[The name of Alphonse de Lamartine will henceforth belong as much to political history as to literary. But we may venture to believe that his enduring fame will be rather that of a writer than a statesman. As a poet and a traveller De Lamartine has an European reputation. As an historian he has raised himself to the highest distinction as an eloquent, earnest, and just lover of freedom, and hater of oppression under every form. We translate the following exquisite narrative from his great work, · Histoire des Girondins.']
In a large and populous street running through the city of Caen, the capital of Lower Normandy, and at that time the centre of the Girondine insurrection, at the further end of a courtyard, stood an old house whose grey walls had been discoloured by the rain, and in which many crevices had been made by time. The house was called the Grand Manoir. A foundation with an edge of stone, green with moss, occupied a corner of the court. A low and narrow door, with fluted side-posts meeting at the top in the form of an arch, afforded a glimpse of the well-worn steps of a spiral staircase ascending to the upper floor. Two cross-barred windows, with octagonal panes in leaden compartments, dimly lighted the staircase and the large unfurnished rooms. This sombre light invested the old and obscure house with that air of decay, mystery, and gloom which it pleases the imagination to see spread over the cradles of genius and the dwellings of great minds, Here lived at the beginning of the year 1793 a grand-daughter of the great French tragic poet, Pierre Corneille. Poets and heroes are one race. The only difference between them is that existing between ideas and actions. The one does what the other conceives. The thoughts are the same. Women are naturally as enthusiastic as the one, as courageous as the other. Poetry, heroism, and love are akin.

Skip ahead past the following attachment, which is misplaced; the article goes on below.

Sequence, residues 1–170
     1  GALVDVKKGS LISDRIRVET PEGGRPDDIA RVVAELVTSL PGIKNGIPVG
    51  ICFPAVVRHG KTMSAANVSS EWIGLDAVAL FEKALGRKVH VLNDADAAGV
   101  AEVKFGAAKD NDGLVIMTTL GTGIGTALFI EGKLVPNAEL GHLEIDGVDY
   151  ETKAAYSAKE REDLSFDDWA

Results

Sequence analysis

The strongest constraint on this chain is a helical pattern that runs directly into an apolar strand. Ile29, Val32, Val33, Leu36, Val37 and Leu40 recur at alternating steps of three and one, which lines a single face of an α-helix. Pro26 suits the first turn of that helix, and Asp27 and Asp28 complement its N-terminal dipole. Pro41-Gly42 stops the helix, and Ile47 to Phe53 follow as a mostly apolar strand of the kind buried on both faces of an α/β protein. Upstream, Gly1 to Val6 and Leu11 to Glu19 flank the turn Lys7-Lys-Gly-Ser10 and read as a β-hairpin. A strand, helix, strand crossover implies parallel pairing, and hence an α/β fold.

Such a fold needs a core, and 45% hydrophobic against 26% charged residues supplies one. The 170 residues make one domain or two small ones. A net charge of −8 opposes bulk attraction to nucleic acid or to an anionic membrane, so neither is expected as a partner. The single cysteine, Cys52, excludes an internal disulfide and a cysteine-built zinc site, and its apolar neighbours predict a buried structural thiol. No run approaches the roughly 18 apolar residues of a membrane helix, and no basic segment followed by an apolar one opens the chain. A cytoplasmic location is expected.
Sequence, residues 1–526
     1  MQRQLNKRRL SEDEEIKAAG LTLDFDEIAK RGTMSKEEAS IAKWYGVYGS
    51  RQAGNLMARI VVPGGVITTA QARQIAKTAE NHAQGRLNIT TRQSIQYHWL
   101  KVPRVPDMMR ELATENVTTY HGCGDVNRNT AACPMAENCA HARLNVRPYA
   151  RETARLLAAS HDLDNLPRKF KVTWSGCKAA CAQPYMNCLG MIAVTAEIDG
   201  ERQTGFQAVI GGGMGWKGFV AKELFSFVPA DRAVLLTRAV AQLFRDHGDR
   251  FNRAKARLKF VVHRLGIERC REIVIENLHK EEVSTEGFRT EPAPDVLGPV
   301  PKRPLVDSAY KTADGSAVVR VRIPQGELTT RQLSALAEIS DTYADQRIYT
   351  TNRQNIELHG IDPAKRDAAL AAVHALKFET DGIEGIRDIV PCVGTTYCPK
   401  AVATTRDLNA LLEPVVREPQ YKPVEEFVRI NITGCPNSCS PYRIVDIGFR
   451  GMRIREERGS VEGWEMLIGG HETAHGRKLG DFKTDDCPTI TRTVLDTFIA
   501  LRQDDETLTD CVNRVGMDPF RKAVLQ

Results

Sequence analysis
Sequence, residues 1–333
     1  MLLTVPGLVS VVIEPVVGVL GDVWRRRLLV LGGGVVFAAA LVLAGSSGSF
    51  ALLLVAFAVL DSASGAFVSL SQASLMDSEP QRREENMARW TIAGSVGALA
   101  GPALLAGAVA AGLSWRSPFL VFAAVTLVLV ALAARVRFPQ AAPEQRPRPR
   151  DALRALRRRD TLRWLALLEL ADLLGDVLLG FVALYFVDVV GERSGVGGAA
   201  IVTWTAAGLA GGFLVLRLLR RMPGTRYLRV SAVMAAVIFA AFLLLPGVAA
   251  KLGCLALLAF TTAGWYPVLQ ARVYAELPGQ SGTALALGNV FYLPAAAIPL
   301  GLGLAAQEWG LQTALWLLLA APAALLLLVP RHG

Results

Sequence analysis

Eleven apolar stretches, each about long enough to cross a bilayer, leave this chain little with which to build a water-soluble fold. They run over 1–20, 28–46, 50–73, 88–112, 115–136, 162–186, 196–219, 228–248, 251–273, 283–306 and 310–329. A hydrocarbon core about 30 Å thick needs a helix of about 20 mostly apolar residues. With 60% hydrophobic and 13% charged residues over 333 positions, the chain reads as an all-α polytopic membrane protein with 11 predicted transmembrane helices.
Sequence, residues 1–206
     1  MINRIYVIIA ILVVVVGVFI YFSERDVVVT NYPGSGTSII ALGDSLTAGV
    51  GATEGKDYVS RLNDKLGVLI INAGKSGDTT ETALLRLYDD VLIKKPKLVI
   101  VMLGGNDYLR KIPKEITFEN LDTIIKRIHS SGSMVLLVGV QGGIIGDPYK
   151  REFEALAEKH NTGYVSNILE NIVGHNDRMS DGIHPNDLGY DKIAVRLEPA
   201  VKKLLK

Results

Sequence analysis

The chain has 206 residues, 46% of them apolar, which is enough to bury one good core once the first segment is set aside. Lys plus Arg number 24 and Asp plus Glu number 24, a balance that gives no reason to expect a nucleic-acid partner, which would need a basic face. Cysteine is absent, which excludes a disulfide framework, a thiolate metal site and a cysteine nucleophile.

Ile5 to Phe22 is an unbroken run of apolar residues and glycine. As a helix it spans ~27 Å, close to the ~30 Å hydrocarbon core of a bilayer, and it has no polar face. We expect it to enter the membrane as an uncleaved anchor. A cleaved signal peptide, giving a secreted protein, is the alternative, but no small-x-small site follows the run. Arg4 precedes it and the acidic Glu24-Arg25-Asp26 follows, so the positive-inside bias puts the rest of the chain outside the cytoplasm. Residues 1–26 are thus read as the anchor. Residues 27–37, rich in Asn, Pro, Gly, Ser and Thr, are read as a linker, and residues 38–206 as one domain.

This house belonged to Madame de Bretteville, a poor childless widow, old and infirm. A young relation whom she had adopted and educated had lived with her for some years, to be a support to her old age, and to enliven her solitude. This young girl was at that time four and twenty years of age. Her pensive beauty, at once serene and contemplative, though brilliant, seemed to have imbibed its character from her gloomy dwelling and her retired life. She was like an apparition. The inhabitants of the neighbourhood who saw her going to church on the Sunday with her old aunt, or caught a glimpse of her through the gateway, reading for hours together in the courtyard seated in the sun on the step of the fountain, say that their admiration for her was mingled with awe and respect. This may have been the effect either of the radiancy of a lofty spirit which intimidates the eye of the vulgar, or the atmosphere of the soul extending to the countenance, or of the presentiment of a tragical fate written on her brow.